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New move to end fuel strike

Johannesburg, South Africa — ESI-AFRICA.COM — 20 July 2011 – Royal Dutch Shell plc, BP plc and other oil companies operating in South Africa will probably resume pay talks to end the 10-day strike that has disrupted fuel supplies, caused fuel shortages and threatened industrial activity in the country.

“We are consulting our members with a view to going back to the negotiating table tomorrow,” Clement Chitja, a spokesman for the Chemical, Energy, Paper, Printing, Wood and Allied Workers Union, said today by mobile phone. “While the union “’ one of four on strike “’ may temper some demands, it won’t settle for pay increases of less than 10%”, he said.

Shell, BP and Petroliam Nasional Bhd’s Engen Limited unit have reported shortages at gas stations in Gauteng province, which consumed 37% of the country’s perol in 2009, as protests by striking workers hampered truck deliveries. Sasol Limited the country’s largest producer of motor fuels, has reduced production at its Secunda plant.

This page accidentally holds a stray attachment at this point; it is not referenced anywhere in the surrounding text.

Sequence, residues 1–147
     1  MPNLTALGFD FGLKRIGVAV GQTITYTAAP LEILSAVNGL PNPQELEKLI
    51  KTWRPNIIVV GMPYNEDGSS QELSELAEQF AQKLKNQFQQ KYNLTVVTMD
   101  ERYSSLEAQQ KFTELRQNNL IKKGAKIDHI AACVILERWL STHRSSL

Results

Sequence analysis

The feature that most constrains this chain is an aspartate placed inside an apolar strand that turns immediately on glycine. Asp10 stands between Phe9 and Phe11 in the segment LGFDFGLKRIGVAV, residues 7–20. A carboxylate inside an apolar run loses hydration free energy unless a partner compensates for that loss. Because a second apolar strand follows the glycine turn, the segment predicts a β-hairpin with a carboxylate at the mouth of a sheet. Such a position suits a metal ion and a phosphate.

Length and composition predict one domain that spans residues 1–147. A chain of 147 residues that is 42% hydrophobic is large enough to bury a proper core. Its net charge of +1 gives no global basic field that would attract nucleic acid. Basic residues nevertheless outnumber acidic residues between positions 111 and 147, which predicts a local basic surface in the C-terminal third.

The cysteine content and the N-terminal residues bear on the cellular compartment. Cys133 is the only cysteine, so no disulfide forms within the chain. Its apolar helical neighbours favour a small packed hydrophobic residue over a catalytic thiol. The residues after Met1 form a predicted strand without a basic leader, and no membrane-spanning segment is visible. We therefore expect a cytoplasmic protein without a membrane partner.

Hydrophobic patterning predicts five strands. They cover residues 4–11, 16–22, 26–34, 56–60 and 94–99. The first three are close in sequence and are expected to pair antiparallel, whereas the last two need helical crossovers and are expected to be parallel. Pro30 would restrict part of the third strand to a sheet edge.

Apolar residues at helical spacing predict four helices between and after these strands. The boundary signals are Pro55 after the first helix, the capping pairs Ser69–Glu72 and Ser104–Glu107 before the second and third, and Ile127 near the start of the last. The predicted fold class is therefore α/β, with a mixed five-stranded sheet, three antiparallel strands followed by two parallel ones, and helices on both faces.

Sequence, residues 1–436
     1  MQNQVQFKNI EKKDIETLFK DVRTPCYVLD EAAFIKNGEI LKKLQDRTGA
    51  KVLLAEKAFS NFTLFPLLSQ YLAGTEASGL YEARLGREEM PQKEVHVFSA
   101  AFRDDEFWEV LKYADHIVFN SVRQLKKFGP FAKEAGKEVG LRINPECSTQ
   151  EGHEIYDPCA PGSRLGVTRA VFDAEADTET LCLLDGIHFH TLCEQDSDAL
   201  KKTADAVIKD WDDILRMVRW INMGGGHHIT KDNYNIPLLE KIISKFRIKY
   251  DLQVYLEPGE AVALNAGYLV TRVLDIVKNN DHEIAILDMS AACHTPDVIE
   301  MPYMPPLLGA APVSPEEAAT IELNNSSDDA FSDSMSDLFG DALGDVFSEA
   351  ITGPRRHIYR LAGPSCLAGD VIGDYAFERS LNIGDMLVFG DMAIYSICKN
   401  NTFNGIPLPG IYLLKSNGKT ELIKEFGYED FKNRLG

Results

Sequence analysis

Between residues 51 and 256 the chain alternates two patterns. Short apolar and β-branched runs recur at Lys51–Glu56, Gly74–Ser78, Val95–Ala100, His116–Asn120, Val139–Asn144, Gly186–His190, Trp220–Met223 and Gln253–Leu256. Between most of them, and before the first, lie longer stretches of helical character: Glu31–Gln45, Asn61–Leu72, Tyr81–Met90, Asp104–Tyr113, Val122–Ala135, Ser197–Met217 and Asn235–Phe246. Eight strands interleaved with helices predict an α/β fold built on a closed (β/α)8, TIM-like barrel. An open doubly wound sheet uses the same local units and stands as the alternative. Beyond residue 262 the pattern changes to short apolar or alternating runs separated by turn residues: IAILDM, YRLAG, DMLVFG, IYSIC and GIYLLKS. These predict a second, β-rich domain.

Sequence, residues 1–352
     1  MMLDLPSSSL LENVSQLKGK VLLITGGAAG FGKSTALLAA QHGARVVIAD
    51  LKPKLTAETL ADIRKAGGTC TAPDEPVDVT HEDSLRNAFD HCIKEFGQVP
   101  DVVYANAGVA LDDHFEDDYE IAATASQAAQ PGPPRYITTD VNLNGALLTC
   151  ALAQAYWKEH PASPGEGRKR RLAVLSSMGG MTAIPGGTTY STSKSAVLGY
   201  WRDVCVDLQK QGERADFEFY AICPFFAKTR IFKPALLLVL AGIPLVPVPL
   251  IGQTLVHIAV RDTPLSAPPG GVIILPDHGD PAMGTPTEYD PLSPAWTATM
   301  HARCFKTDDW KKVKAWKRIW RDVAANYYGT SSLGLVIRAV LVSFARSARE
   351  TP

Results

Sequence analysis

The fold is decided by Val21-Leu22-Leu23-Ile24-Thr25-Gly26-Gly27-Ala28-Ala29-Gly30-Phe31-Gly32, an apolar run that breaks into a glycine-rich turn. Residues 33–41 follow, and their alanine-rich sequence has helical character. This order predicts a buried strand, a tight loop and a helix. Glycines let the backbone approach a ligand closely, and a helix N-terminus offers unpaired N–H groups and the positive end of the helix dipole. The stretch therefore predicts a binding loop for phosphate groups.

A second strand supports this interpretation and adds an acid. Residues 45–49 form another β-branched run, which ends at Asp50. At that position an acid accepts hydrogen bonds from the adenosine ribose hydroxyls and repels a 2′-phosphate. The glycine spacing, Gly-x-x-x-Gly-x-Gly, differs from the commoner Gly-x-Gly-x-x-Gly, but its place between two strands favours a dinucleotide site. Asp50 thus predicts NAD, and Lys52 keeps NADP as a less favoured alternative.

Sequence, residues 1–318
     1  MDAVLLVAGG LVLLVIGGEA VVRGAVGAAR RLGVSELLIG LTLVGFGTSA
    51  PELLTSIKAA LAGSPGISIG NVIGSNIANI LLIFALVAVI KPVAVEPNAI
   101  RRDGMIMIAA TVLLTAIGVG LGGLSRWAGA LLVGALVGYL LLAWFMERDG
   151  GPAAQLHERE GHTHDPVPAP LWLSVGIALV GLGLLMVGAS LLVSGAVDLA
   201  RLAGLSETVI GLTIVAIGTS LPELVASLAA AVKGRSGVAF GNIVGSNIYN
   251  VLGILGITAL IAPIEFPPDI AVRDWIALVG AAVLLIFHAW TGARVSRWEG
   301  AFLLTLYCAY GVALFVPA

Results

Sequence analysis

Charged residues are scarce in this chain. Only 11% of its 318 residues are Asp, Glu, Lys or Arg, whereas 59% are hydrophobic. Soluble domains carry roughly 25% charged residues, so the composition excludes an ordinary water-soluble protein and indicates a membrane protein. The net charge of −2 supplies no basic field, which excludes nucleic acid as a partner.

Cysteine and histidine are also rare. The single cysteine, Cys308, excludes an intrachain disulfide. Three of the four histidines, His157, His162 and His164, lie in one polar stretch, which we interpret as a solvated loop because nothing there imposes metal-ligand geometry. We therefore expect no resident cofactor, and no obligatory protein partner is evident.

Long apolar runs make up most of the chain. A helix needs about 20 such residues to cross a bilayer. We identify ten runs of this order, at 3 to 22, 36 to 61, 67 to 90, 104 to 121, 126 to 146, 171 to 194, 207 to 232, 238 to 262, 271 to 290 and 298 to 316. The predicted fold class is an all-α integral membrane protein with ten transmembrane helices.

Mxolisi Ratsibe, chairman of the National Petroleum Employers Association, didn’t immediately respond to a message left on his mobile phone by Bloomberg News.

South Africa has six refineries with a combined processing capacity 692,000 barrels a day. They distribute fuels, mainly petrol, by pipelines, rail, sea and road to about 200 depots, which in turn send fuel to about 4,600 petrol stations, according to the South African Petroleum Industry Association’s website.

The country consumed about 11.3 billion liters of gasoline and 9.1 billion liters of diesel in 2009.